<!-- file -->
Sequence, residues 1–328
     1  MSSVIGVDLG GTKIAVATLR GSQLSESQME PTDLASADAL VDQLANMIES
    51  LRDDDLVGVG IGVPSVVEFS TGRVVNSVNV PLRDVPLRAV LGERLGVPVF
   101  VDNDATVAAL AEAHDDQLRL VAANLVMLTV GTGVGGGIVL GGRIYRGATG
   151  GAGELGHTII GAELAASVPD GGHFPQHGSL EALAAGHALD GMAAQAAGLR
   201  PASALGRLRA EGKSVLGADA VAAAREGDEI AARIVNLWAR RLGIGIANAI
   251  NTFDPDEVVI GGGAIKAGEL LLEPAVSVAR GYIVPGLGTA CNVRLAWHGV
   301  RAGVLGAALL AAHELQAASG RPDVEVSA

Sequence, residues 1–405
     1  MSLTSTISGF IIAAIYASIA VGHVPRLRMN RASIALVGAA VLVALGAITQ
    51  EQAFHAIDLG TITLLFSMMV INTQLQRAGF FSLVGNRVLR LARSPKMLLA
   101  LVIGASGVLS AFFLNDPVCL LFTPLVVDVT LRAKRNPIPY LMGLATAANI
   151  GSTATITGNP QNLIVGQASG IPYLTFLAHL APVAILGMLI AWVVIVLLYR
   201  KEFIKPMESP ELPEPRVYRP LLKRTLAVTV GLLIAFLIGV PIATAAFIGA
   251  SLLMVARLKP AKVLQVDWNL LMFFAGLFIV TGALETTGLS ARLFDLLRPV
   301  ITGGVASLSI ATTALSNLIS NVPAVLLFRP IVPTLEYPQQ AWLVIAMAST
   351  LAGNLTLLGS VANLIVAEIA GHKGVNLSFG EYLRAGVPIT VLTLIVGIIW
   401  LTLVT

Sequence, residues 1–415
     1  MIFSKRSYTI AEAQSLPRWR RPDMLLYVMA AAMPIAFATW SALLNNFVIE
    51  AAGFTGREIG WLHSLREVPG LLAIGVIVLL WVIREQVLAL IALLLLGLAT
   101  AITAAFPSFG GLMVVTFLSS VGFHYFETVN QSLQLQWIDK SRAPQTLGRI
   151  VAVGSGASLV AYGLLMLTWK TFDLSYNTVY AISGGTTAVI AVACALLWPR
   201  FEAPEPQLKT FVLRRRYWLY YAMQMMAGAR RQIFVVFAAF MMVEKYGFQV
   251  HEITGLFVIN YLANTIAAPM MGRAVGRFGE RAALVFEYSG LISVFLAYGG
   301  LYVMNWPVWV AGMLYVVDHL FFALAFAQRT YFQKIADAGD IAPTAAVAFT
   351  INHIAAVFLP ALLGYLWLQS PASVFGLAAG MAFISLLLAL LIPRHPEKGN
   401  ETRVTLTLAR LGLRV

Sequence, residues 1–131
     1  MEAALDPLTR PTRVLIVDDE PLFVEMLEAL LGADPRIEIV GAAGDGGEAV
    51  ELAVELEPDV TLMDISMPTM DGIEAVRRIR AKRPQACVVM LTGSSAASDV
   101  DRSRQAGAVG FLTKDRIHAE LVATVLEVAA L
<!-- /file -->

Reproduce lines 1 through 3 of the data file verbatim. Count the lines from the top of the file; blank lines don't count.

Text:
Sequence, residues 1–328
     1  MSSVIGVDLG GTKIAVATLR GSQLSESQME PTDLASADAL VDQLANMIES
    51  LRDDDLVGVG IGVPSVVEFS TGRVVNSVNV PLRDVPLRAV LGERLGVPVF